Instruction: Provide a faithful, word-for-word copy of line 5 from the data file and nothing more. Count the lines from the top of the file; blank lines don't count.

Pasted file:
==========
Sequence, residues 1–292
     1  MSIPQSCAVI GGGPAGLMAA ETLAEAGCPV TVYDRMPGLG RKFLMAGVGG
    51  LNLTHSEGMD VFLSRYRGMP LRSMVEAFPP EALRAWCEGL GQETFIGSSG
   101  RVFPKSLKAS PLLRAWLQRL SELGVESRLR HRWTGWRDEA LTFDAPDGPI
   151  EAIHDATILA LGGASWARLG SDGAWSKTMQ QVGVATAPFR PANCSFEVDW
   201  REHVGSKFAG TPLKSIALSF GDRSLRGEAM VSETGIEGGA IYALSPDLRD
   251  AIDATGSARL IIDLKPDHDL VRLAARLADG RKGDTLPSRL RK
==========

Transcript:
   151  EAIHDATILA LGGASWARLG SDGAWSKTMQ QVGVATAPFR PANCSFEVDW